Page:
But - whoa - the image leapt up in the viewfinder as the IS kicked in and didn't return, so I had to reframe again. As I watched, I could see that the image was still just waving around very slightly, so I had to turn the IS off - contrary to the usual advice ! Whether this happened because I had stacked the converters (which is not a practice endorsed by Canon) I don't know. But the IS had to stay off on this occasion.

Exposure and ISO setting

I could see that this was going to be tricky, I knew that the bright moon would fool the camera's metering system - and so it did. I ended up using manual exposure for ultimate control.

I set the aperture to f8 - if in doubt use f8 ! This happened to also be the maximum aperture achievable with the stacked converters. I really didn't need much depth of field - the moon is essentially a flat disc to photograph, so f8 it was.

To get the correct shutter-speed I simply used trial and error - consulting the camera's histogram each time to keep the "mountain range" as far to the right of the graph as I could without sending the highlights off the scale into clipping. If you under-expose the image you will see a lot of noise in the black night sky behind the moon when you brighten it up in the RAW converter later - so exposure had to be spot on.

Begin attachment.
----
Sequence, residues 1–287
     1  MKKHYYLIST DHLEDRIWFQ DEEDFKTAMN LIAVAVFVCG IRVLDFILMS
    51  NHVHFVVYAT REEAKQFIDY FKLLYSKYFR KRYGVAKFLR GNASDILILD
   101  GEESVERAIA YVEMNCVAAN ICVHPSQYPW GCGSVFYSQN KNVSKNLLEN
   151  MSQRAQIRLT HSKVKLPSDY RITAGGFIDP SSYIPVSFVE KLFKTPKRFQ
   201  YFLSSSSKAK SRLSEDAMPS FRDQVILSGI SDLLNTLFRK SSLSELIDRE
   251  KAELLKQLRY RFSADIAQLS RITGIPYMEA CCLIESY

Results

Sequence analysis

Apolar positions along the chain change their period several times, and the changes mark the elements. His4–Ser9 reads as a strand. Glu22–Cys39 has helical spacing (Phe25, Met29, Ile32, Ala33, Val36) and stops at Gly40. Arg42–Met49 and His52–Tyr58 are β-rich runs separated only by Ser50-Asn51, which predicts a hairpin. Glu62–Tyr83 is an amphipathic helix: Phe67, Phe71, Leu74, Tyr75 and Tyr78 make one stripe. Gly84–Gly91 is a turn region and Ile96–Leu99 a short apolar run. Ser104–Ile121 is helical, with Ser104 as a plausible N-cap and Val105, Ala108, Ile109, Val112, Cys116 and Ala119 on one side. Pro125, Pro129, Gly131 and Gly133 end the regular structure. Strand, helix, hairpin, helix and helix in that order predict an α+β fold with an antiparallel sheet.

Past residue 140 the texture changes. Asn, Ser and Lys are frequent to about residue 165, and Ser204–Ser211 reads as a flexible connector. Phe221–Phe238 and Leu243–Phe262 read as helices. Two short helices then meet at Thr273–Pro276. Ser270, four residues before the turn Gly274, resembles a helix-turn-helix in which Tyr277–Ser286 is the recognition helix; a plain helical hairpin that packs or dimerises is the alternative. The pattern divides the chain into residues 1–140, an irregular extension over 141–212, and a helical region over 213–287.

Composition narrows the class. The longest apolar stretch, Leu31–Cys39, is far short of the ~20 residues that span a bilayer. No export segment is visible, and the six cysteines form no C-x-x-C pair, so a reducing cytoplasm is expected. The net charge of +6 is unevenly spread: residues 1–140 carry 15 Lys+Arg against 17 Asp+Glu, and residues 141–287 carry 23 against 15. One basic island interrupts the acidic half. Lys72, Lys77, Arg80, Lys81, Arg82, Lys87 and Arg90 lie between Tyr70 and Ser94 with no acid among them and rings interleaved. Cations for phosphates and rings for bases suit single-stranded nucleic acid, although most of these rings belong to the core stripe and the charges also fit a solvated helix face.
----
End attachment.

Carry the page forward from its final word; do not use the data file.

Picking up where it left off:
ISO setting was the one easy choice - ISO 200 gives pretty well maximum quality and dynamic range - so that is what I used.

White balance was just set to auto - I don't faf around with trying to get it right - that is the beauty of shooting RAW - just set it as required in post-processing later.

I settled on 1/80 second at f8 as being about right. I then just reframed the shot again for the umpteenth time and finally took a few shots and scuttled off to bed as it was getting pretty late.
- About 2:00 am to be precise. Had I really been at it for over two hours ? Wow - time flies when you are having fun!

Next Day

Next day I got up and eagerly inspected my previous night's work on the computer. How would the pictures look at 100% on the screen - and has stacking the converters killed image quality ?

I processed the raw images in the usual way (see my tutorial on raw conversion) , opened it in Photoshop, adjusted the levels (autolevels worked fine for once), sharpened with unsharp mask and then took a hard,critical look. Wow - the image quality was fantastic - but never mind that - just look at the surface of the moon !

I spent the next 15 minutes just pouring over the surface of the moon like a voyeur-explorer ! Look at those craters - look at those skid marks where a meteorite must have hit ! what are those lines ? What are those funny circles ? Absolutely fascinating !

So there we are - how to photograph the moon. Unfortunately I used a lot of mighty expensive equipment to achieve this result - but hey - it was just lying around doing nothing anyway !

So if you just happen to have a super-telephoto lens yourself - why not have a go ?


One last crop of the big crater at the top - can't see any cheese though.

Crop - big crater